Cliffie Stone

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Cliffie Stone
Birth nameClifford Gilpin Snyder
Born(1917-03-01)March 1, 1917
Stockton, California, United States
DiedJanuary 16, 1998(1998-01-16) (aged 80)
Saugus, California
Occupation(s)Singer, musician, record producer, music publisher, radio personality, television presenter
LabelsCapitol Records

Clifford Gilpin Snyder (March 1, 1917 – January 16, 1998[1]), professionally Cliffie Stone, was an American country singer, musician, record producer, music publisher, and radio and TV personality who was pivotal in the development of California's thriving country music scene after World War II during a career that lasted six decades. He was inducted into the Country Music Hall of Fame in 1989.


Born in Stockton, California, Stone's father was country musician Herman the Hermit. The family moved to Burbank, and early in his life, he played bass in the big bands of Freddie Slack and Anson Weeks in Southern California, as well as working at local radio stations KXLA, KFI, KFVD, KFWB and KFOX-AM 1280 in Long Beach. Starting in 1935, Stone appeared on the Los Angeles-based radio shows Covered Wagon Jubilee, Hollywood Barn Dance, Dinner Bell Roundup, and Lucky Stars, singing as well as performing comedy routines and acting as host and DJ in the mid-1940s. In 1939, he married his first wife, Dorothy, and they had four children.

Stone began working at Capitol Records in 1946, and became an A&R man there; among the talents he discovered were Tennessee Ernie Ford (for whom he acted as manager from 1947 to 1957), Molly Bee, Hank Thompson and Stan Freberg. He also worked regularly with Merle Travis after his relocation from Nashville to Hollywood. Stone was instrumental in helping various young musicians get their start in television, such as guitarist Zane Ashton (aka Bill Aken) who would also write songs for Stone's Central Songs publishing firm. His Hometown Jamboree premiered as a weekly TV broadcast in December 1949 over KLAC-TV/KCOP-TV in Los Angeles; in 1953 it moved to KTLA-TV, where it replaced a competing program hosted by Spade Cooley and itself ran until cancellation in 1959.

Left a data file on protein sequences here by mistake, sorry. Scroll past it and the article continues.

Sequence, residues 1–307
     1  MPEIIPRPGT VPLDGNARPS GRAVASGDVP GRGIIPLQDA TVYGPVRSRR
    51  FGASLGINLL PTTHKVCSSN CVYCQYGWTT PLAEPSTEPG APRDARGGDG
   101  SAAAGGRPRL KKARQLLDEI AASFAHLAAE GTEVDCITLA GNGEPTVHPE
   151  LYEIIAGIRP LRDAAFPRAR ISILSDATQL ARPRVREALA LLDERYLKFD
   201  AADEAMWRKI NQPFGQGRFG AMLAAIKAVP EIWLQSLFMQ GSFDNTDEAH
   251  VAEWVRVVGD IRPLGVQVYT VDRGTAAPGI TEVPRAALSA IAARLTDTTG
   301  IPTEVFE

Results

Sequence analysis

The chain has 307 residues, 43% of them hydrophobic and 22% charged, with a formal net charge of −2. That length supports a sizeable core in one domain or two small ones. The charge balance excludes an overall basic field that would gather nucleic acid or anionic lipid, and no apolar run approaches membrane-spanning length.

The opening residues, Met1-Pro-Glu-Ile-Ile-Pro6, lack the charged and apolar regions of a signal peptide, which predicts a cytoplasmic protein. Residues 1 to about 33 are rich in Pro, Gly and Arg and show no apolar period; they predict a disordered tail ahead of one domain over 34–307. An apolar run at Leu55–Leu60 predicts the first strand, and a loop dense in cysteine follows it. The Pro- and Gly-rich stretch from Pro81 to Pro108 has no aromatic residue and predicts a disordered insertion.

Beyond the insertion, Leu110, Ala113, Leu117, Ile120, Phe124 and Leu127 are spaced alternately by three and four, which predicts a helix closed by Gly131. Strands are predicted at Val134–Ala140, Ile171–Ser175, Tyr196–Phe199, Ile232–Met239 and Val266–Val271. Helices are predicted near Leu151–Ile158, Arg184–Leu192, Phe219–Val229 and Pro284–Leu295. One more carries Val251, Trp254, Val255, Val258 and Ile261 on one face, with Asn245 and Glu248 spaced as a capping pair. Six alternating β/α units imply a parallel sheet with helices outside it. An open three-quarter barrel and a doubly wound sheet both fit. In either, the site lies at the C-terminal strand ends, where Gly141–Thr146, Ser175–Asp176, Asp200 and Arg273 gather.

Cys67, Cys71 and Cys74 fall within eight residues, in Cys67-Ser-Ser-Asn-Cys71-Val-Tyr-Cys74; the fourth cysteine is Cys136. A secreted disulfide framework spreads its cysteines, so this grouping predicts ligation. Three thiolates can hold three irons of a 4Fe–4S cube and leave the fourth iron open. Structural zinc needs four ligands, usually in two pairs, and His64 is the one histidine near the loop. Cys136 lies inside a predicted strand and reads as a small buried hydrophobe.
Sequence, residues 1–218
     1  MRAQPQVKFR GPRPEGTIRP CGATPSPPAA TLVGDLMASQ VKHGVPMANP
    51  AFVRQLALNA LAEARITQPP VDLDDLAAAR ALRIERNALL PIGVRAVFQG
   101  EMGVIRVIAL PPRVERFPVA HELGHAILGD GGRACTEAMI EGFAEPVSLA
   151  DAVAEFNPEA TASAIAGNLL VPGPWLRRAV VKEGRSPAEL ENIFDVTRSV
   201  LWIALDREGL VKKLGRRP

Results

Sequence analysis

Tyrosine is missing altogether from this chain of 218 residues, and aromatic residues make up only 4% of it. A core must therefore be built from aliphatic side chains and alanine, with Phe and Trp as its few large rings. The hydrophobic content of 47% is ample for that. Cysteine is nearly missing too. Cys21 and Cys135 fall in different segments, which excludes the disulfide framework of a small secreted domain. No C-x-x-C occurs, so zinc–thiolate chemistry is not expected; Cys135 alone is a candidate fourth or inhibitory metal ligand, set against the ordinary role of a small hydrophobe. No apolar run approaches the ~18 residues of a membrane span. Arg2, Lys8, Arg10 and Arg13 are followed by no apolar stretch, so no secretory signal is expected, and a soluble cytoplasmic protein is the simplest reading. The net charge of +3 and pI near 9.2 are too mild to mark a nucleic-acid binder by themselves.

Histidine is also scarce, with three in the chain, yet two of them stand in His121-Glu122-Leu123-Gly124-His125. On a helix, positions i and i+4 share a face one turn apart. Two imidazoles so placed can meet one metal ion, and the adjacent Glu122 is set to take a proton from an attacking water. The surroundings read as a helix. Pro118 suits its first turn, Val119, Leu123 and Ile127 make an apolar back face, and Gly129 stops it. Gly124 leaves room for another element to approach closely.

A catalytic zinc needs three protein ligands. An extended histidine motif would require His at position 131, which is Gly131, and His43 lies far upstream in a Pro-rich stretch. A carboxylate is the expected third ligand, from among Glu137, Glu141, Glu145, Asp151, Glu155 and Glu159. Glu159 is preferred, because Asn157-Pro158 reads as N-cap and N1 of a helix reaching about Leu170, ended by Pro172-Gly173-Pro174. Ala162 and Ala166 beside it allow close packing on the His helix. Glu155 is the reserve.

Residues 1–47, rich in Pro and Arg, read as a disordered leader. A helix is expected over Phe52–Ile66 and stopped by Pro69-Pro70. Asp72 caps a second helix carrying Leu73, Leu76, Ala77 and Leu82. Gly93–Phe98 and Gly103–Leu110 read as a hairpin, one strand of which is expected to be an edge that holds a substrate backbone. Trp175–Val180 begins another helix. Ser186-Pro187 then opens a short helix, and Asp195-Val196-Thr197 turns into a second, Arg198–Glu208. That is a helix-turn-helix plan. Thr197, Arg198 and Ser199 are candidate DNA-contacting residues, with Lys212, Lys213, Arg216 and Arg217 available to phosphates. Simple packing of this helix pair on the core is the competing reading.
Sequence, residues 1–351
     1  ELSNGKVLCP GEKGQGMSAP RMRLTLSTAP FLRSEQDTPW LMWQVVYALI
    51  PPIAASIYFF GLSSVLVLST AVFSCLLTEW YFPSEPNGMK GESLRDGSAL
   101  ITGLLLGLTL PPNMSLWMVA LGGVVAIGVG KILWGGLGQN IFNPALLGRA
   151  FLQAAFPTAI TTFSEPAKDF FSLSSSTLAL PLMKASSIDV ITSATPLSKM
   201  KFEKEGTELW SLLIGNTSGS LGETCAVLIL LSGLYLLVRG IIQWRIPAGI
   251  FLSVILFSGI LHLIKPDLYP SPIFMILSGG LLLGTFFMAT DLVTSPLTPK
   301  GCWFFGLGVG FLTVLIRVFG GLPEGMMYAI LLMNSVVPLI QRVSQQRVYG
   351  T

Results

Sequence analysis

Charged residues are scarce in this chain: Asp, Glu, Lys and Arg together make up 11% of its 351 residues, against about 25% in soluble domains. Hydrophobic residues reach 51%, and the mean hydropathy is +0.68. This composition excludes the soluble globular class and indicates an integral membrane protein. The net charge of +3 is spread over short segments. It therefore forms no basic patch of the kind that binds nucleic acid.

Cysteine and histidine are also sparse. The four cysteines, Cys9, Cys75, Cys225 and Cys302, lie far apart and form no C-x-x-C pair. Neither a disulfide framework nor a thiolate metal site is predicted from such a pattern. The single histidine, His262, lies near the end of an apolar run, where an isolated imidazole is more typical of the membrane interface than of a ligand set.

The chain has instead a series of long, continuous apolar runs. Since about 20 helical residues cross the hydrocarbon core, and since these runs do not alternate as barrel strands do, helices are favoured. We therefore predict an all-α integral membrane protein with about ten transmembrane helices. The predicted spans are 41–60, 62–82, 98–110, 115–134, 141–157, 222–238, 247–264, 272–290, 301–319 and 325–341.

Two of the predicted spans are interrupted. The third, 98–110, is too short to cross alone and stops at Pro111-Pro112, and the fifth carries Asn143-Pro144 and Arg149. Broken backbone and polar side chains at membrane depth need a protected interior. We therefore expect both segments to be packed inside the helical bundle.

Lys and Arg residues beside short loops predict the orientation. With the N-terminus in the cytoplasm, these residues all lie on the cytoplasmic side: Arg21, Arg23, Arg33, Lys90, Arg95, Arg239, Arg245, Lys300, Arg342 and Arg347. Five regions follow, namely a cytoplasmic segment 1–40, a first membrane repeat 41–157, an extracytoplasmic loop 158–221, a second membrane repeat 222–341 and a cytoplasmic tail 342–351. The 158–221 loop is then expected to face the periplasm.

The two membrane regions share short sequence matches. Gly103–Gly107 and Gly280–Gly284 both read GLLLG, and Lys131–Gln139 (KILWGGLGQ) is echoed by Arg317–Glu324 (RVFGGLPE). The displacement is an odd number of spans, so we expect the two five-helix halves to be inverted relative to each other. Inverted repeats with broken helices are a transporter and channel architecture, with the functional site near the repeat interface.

Stone's career at Capitol was successful, but he was ultimately better known for his successes in radio. He recorded six albums with a backing band which went under various names, including Cliffie Stone & His Orchestra, Cliffie Stone & His Barn Dance Band, Cliffie Stone & His Hometown Jamboree Gang, Cliffie Stone & His Hepcats, and Cliffie Stone's Country Hombres. His 1955 hit, "The Popcorn Song", peaked at No. 14 on Billboard magazine's singles charts in 1955.

Personal life and death[edit]

By the 1960s, Stone was doing well in music publishing with his company, Central Songs; and for a short period launched a label called Granite Records. Stone's son, Curtis Stone, played in Highway 101. His first wife, Dorothy, died in 1989, and he married songwriter Joan Carol. Cliffie Stone died from a heart attack on January 16, 1998 at his Saugus, California home.

Chart singles[edit]

Year Single Chart Positions
US Country[2] US
1947 "Silver Stars, Purple Sage, Eyes of Blue"
(Cliffie Stone & His Orchestra)
1948 "Peepin' Thru the Keyhole (Watching Jole Blon)"
(Cliffie Stone & His Barn Dance Band)
"When My Blue Moon Turns to Gold Again"
(Cliffie Stone & His Orchestra)
1955 "The Popcorn Song"
(Cliffie Stone & His Hepcats)

Guest singles[edit]

Year Single Artist Chart Positions
US Country[2]
1966 "Little Pink Mack" Kay Adams
(with the Cliffie Stone Group)


  1. ^ "Cliffie Stone, Original name: Clifford Gilpin Snyder". Retrieved March 27, 2015.[non-primary source needed]
  2. ^ a b Whitburn, Joel (2008). Hot Country Songs 1944 to 2008. Record Research, Inc. p. 405. ISBN 0-89820-177-2.